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HyperX Pulsefire FPS review: What it lacks in customisation, it makes up for in comfort

HyperX PulseFire FPS

If you’ve ever been within spitting distance of a Plunkbat chicken dinner, you know the importance of having a light, nimble mouse under your fingers. You won’t be tucking into anything even remotely bird-shaped if you’ve only got something big and bulky like the Roccat Kone Aimo or Corsair Scimitar Pro RGB at your disposal. Instead, you need a mouse you can move with ease and minimal resistance. Something, perhaps, like the HyperX Pulsefire FPS.
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Corsair Scimitar Pro RGB and MM800c RGB Polaris review: The ultimate rainbow lightshow

Corsair Scimitar Pro RGB

When I first saw Corsair’s Scimitar mouse a couple of years ago, I thought it was the most bonkers-looking thing I’d ever seen. Just like its equally mad successor, the Scimitar Pro RGB I’ve got here, it had 12 mechanical buttons on the side. Twelve! This is a calculator, not a mouse, I thought to myself at the time. How could anyone possibly need 12 individual mouse buttons?

Of course, both the Scimitar and the Scimitar Pro RGB are often trailed by the words “MOBA” and MMO”, and I’m sure there’s a handful of such players who might find this kind of thing useful. Admittedly, neither genre is my particular forte, so I’m largely going to be looking at the Scimitar Pro RGB in the context of an ordinary gaming mouse. And just in case its four RGB lighting zones weren’t enough for you, I’ve also got Corsair’s MM800c RGB Polaris mouse mat here as well, which has – wait for it – FIFTEEN RGB lighting zones that can sync with the same theme on your Scimitar Pro for the ultimate desk-side rainbow show.

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Best of CES 2018: The top PC gizmos you’ll want to own this year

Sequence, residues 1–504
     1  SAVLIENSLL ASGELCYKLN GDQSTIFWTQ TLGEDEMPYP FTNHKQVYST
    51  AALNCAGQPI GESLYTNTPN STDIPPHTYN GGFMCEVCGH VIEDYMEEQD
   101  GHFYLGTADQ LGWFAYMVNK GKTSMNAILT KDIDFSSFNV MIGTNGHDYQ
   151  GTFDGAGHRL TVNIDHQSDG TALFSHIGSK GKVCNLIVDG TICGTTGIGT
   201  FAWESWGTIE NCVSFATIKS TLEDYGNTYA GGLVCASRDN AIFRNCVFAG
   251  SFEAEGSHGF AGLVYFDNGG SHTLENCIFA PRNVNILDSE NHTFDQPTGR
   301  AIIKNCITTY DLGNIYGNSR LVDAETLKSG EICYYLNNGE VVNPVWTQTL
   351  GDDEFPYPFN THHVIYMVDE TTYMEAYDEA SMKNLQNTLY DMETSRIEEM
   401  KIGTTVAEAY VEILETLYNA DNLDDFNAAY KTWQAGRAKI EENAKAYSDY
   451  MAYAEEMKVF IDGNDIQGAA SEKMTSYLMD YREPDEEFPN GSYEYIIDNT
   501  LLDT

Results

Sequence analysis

CES 2018

The Consumer Electronics Show (CES) is over for another year. It was a slightly weird show this year, marred by an embarrassing power outage, one too many pointless robots (Cloi, I’m looking at you) and the creeping feeling that the world’s biggest tech show might just be becoming a bit irrelevant.

Fortunately, PC gamers still have plenty to look forward to in 2018, from giganto gaming screens and teeny tiny powerhouse NUCs to mouse mats that can charge your phone, metal-clad motherboards, and probably yet another hike in GPU prices when EVGA unleashes its crypto mining dream machine power supply that can run something silly like 14 Nvidia GTX 1070s all at the same time (thanks, guys). But all that’s just the tip of the iceberg. Read on for what I’m officially deeming the best of CES 2018, all without a single stroppy robot in sight.

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Steelseries Rival 110 review: A great gaming mouse for smaller hands

Steelseries Rival 110

After using the jumbo Roccat Kone Aimo for a couple of weeks at the end of last year, Steelseries’ Rival 110 comes as quite a relief. Not only is it a much more petite kind of mouse that’s infinitely better suited to the overall size of my hand, but it’s also significantly lighter and easier to move around a mouse mat, weighing just 87.5g as opposed to 130g.

Devoid of Robocop-style grooves and armour plates, this is one mouse that doesn’t feel like it’s contorting your fingers into some kind of industrial torture device. Instead, it’s delightfully low-key and comes with a price to match, costing just £30 in the UK and $40 in the US. What’s not to like?

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Roccat Kone Aimo review: A jumbo gaming mouse with oodles of flexibility

Roccat Kone Aimo

When I started my first tech job, the mouse waiting for me on my desk was utterly enormous. Left there by its previous owner, it was the Steelseries World of Warcraft Cataclysm Gaming Mouse – an absolutely beastly bit of plastic that looked like it had just come out of a hot oven. It was wholly unsuited to general office work and made my hand feel absolutely tiny. As with most things, though, I eventually got used to it.

Since then, I’ve moved on to smaller mice more befitting of my spindly fingers, but when I started using Roccat’s new Kone Aimo mouse, those early work memories came flooding back. Like the Cataclysm, this is another huge wired mouse, filling the whole of my palm and extending far beyond the tips of my fingers – although at least this time the Aimo’s smooth, curved design looks and feels more reminiscent of some kind of futuristic super car than a chargrilled armour plate. Is it any better to use?